This site is dedicated to people who are interested in the business of art which includes sales, marketing, appraisals, valuations, restoration, management, representation, galleries, museums, auction houses, investors, collectors, and anyone else who is interested and interesting…...
This article talks to that which marketing automation users already know: timing and type of follow-up plays a critical role in the sales process. Here's a quick summary:
When it comes to following up with a B2B buyer, your sales and marketing teams need to make sure they are responding to leads quickly. 57% of the respondents from the DemanGen report ranked the timeliness of a vendor’s response to their question/inquiries as very important and InsideSales found that responding to a completed form within 5 minutes versus 10 minutes led to a 900% increase in contact rate. When conducting research, buyers want the information they’re after without a wait. So, if a prospect has taken the steps to fill out a form, reach out quickly with your initial follow-up call.
Follow up with leads within 5 minutes or you could miss out on making contact. Send out a quick email and hop on the phone.Do some quick research on the lead’s business and position. Be ready to provide relevant information for the buyer, no matter who they are or where they are in the buying cycle.
One phone call or an email isn’t enough. Marketers need to be prepared to send out multiple emails and your sales team needs to be prepared to make more than a couple of phone calls. 35% of respondents reported at least four contacts (via sales calls, emails or other methods) with the winning vendor and 31% said they had eight or more contacts (DemandGen).
Internationally, Bonhams in London remains the only major auction house with a dedicated SA art department, but could be facing some competition from Sotheby's, which is expanding its African department (and market), and ...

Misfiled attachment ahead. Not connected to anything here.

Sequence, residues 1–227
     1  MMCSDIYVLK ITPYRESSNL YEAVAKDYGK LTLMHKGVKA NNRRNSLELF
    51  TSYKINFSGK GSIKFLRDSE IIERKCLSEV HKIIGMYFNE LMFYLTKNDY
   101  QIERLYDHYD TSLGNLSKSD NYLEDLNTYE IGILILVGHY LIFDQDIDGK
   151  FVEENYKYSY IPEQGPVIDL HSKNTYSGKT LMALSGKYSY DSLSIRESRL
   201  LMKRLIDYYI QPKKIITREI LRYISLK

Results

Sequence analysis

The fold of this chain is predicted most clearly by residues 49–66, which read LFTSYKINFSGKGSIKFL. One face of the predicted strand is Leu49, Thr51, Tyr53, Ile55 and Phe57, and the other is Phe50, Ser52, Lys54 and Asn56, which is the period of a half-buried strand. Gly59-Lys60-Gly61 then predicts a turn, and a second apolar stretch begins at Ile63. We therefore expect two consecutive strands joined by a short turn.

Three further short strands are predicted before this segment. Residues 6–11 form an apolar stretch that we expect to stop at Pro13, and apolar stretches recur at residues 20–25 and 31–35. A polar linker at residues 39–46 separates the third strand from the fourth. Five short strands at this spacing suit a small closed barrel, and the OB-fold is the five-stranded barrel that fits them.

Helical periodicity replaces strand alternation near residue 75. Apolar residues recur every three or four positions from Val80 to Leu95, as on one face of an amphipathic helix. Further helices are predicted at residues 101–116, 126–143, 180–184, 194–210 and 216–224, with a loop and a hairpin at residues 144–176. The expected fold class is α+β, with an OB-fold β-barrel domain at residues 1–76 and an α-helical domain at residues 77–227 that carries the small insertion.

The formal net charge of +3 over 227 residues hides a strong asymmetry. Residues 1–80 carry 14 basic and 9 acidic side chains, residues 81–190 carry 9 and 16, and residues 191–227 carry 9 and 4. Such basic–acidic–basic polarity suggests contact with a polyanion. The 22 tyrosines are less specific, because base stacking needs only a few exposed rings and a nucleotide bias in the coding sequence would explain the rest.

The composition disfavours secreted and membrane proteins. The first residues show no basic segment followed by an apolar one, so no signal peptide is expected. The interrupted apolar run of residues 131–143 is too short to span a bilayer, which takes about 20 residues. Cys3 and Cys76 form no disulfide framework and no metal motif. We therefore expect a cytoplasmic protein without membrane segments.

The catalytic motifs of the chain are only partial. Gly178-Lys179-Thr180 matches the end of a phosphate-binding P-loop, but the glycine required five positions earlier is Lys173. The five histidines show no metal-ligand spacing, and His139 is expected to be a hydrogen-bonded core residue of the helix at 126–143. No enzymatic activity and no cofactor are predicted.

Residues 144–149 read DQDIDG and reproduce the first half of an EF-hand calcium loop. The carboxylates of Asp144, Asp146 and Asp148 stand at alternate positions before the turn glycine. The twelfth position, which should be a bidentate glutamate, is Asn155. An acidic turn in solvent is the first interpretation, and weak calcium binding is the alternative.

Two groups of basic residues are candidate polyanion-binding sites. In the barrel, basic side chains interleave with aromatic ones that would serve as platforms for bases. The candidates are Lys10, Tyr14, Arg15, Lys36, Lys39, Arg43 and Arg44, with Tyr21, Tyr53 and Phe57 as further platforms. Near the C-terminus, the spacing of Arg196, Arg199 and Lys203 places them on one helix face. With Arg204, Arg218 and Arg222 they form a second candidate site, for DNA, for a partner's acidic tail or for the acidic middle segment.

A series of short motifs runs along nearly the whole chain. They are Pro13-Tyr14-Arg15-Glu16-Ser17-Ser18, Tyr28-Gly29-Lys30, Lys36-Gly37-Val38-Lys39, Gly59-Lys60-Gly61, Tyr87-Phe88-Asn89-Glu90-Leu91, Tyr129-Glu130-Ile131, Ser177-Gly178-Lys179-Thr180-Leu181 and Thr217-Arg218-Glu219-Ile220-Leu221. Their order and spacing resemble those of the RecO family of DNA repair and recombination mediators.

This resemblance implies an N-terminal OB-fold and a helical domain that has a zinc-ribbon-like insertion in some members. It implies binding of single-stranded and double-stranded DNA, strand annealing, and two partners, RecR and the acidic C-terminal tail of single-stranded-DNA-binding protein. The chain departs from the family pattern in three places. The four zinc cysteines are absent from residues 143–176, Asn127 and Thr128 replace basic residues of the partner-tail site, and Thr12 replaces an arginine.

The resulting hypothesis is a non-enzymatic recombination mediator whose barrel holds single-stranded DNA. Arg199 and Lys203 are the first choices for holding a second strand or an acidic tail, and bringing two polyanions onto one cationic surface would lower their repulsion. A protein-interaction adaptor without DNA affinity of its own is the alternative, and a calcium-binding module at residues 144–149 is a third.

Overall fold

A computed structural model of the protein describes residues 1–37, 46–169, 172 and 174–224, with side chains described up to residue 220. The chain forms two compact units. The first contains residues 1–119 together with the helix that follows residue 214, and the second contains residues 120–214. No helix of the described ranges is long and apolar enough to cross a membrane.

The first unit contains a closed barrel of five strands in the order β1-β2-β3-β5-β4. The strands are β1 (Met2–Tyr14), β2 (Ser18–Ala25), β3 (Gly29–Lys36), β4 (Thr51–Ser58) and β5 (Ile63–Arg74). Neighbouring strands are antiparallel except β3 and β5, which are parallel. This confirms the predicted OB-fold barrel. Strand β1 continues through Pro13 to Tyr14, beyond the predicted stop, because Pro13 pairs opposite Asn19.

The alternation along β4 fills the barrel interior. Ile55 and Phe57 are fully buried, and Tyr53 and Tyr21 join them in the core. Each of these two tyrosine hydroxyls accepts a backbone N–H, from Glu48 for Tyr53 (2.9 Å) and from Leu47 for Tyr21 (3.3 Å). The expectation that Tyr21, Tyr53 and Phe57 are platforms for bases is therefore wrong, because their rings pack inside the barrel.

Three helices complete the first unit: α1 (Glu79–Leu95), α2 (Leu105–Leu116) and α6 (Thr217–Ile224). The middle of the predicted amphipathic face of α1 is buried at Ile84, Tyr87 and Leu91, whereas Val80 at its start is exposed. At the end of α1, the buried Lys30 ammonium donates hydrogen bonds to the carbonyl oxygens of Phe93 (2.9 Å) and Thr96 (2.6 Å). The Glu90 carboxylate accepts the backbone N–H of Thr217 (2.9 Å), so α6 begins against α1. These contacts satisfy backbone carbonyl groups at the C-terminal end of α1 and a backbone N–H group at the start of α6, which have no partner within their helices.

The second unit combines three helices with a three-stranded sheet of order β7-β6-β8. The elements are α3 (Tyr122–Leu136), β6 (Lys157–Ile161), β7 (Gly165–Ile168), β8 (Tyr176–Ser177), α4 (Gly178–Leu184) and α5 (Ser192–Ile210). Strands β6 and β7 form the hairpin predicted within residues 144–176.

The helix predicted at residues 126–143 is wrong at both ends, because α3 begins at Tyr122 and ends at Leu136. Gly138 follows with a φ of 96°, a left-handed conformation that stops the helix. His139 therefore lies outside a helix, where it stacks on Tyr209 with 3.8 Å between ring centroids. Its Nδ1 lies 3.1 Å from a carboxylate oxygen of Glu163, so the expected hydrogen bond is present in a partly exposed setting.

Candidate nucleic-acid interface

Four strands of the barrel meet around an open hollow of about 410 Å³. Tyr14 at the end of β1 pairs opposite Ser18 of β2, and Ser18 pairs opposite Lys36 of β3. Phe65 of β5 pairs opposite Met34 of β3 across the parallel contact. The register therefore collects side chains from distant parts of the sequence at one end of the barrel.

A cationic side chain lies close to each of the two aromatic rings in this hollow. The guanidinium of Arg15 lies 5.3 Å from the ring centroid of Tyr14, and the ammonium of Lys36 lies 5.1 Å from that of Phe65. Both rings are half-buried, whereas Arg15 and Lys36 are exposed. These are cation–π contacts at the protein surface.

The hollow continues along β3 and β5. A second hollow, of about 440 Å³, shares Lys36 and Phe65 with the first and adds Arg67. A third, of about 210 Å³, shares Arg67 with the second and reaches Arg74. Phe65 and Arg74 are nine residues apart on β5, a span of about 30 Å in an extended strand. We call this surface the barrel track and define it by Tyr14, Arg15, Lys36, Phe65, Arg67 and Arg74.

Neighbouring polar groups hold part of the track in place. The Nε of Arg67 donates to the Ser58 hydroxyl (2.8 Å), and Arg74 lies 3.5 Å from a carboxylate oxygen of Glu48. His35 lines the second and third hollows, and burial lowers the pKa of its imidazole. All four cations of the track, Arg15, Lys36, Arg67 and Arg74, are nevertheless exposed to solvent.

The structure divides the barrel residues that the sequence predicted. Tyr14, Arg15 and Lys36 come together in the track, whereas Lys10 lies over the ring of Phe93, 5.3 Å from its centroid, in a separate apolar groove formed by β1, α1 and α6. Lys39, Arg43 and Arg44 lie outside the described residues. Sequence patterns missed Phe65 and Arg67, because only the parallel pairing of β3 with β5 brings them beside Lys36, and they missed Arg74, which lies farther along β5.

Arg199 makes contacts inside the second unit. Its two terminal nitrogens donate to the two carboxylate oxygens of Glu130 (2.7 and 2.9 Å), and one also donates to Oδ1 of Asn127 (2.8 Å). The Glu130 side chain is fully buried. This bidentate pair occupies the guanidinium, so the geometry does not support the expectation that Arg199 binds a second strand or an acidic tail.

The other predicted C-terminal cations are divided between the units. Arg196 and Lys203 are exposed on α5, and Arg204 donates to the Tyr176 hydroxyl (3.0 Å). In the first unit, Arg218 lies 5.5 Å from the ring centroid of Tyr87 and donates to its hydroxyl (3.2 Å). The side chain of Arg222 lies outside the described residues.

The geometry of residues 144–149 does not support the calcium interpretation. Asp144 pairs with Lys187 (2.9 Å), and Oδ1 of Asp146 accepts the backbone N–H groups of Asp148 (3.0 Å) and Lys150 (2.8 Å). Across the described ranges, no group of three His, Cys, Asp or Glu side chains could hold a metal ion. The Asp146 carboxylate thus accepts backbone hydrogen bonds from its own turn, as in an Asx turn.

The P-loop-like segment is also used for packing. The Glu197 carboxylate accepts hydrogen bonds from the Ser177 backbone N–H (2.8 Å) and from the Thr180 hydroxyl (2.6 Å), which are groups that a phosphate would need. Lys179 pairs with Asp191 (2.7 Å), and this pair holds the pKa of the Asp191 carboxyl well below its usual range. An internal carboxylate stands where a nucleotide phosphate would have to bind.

...The power of storytelling is something so many businesses fail to realise in marketing their brand and products. When information is communicated in story form, studies show people better relate and remember it. Stories have the ability to spark emotions, whether it’s happiness, empathy, trust or anger. When listening to them not only are the language-processing parts of our brain activated, experiential parts of our brain come alive too. Stories about food activate our sensory cortex, motion stories activate the motor cortex – fundamentally our brains are more engaged when listening to stories.
Brand storytelling isn’t new; companies have used advertising to evoke emotions through storytelling for years. However the landscape has changed, the digital revolution spurred new platforms, channels and devices through which to share and tell stories, opening up greater opportunities, but simultaneously greater challenges. How do you cut through the noise, get your stories heard and resonate with the consumer? Here are my top tips for the art of storytelling in business...
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